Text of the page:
Have Muse applied for permission to send drones out over Worthy Farm?

Haha! We have been looking at drones, and unfortunately I don't think we can have them - for various reasons.

But to be honest, all three nights have really unique and majorly ambitious plans. Some of the ideas that are floating around at the moment are really massive. Things we haven't done before on the Pyramid Stage. Every night, people are going to get very contrasting but amazing experiences.

How will Jeremy Corbyn go down with the audience?

We've got a history of political speakers, of people arguing from all sides, so I think Jeremy Corbyn will go down well.

image captionThis photo, taken on Wednesday, 4 May, shows how Worthy Farm looks eight weeks before Glastonbury opens its doors

There have been rumours the festival is moving to a new location. What can you say about that?

The deal on the year off is we're planning a show - another event - somewhere nearby. It's either going to be in 2018 or 2019. It's going to be the whole team behind the Glastonbury Festival but it's not going to be called Glastonbury.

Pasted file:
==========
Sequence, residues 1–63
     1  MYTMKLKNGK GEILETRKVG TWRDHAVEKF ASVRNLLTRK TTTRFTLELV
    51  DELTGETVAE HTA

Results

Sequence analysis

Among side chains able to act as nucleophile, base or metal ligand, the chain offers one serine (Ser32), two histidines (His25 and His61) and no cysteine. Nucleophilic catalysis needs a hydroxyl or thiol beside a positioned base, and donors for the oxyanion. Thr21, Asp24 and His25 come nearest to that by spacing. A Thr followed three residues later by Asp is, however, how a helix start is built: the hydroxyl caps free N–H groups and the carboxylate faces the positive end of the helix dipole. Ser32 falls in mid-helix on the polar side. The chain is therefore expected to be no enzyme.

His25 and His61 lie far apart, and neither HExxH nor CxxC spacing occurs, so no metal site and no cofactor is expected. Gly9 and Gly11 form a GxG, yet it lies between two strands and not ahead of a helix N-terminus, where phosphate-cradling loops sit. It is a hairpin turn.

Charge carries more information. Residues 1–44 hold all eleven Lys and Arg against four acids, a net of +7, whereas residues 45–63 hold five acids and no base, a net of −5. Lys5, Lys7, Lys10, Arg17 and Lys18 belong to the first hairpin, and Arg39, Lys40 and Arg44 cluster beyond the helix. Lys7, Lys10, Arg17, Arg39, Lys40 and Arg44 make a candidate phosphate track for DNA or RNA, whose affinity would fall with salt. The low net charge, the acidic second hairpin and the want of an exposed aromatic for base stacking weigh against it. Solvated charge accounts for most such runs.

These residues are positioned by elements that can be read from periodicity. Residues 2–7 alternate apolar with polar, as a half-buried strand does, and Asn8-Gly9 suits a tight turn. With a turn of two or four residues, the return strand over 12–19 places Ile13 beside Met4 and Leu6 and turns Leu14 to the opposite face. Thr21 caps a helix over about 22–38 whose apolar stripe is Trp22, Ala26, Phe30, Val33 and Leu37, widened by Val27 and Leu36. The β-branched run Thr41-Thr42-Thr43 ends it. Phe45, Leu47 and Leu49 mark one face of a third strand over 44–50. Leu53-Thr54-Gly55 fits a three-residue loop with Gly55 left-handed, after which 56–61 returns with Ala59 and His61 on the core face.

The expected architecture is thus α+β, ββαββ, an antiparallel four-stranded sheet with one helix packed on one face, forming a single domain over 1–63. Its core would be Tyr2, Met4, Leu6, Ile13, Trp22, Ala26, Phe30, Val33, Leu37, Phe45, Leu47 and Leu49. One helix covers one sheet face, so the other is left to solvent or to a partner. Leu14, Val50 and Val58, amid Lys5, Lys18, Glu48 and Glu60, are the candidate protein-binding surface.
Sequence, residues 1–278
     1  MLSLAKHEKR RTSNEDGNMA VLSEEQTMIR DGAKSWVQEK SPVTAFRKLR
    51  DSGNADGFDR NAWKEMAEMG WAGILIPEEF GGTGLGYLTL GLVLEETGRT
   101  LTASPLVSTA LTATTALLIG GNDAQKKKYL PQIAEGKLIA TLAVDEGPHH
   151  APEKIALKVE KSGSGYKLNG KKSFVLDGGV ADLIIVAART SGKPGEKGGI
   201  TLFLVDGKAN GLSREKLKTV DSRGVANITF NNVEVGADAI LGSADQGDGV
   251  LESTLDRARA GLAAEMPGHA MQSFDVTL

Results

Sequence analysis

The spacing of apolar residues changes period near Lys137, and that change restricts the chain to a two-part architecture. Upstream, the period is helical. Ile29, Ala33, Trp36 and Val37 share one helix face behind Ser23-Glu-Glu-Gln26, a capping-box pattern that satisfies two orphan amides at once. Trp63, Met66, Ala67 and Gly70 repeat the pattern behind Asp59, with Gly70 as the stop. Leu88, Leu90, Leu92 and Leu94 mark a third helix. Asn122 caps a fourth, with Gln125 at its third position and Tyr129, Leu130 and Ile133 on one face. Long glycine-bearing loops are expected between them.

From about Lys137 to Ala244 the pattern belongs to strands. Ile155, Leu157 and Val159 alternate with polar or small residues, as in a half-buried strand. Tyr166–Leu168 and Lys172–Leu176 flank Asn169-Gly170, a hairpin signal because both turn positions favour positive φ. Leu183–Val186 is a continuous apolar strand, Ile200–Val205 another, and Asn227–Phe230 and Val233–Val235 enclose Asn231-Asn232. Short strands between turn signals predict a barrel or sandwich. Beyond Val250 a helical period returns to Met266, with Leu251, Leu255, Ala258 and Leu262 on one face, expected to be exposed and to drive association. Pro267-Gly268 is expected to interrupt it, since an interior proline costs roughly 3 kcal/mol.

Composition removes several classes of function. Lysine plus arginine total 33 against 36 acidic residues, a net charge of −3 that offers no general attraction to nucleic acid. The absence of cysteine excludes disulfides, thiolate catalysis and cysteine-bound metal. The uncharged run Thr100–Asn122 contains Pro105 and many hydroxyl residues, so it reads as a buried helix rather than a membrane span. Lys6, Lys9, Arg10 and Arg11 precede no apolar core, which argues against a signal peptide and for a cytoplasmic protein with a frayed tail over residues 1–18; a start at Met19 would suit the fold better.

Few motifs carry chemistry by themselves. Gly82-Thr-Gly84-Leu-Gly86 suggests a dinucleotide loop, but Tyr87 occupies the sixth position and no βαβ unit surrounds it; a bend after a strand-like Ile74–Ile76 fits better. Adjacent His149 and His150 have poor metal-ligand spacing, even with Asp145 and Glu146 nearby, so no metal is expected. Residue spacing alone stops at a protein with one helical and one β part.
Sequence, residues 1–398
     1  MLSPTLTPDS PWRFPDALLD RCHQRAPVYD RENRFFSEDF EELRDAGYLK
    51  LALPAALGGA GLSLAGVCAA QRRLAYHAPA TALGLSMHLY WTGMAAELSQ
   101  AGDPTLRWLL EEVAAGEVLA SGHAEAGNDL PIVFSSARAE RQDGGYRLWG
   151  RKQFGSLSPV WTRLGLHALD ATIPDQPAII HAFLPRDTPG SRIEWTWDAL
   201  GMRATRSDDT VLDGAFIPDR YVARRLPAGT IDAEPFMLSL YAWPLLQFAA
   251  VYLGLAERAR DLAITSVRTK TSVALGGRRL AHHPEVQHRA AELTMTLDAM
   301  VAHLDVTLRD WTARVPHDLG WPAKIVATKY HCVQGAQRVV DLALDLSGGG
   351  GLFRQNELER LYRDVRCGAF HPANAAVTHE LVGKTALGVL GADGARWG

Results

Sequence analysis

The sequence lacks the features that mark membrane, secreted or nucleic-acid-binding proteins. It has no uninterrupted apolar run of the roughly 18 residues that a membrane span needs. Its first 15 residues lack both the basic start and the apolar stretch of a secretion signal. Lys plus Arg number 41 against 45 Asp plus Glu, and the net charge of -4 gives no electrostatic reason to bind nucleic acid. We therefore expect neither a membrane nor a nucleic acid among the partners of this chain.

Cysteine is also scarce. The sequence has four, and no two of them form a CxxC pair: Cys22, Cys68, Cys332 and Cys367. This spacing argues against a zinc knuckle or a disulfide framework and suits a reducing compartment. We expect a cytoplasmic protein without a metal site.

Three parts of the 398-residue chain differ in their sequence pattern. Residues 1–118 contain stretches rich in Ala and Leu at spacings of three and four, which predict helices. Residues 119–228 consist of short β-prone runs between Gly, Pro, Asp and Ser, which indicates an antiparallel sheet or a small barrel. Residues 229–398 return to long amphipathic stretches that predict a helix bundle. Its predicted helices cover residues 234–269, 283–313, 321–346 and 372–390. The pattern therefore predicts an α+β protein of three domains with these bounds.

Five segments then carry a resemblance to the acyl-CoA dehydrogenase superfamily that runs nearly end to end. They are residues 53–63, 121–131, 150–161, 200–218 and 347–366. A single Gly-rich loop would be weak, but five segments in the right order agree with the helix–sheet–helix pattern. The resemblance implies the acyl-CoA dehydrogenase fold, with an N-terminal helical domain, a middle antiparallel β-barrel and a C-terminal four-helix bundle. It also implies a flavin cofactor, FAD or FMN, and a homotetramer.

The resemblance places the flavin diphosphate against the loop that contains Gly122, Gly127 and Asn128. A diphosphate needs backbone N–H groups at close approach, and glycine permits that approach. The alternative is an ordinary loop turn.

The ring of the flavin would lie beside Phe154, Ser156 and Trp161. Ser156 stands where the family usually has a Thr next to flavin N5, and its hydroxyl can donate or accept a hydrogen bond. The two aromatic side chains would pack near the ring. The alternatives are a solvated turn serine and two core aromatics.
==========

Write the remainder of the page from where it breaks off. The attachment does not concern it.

The idea [is to plan] an event which is more of a visual feast, something really spectacular, using all of these incredible creative people that we work with all year. That's an idea that really excites us.

So will it be more of an immersive experience than a music festival?

It will be a music festival predominantly but it will have other elements which we already do at Glastonbury. There'll be more, larger-scale installations, as well as music.

You know, we work with these artists all year, but we're always confined by the same hedgerows. The idea of doing it somewhere else, where you've got a huge, vast space is hugely exciting.

Last year, a meme went around where people deleted male artists from festival posters, leaving them almost completely blank. Glastonbury's line-up has always been more diverse - but this year's poster is almost 50% female. Did you work hard to achieve that?

Yeah, we try to keep it as equal as we can. There are so many stages across the site that you have to rely on the bookers across the site to consciously book women as well as men. Some are better than others but we do our best and it's really important that we represent both equally.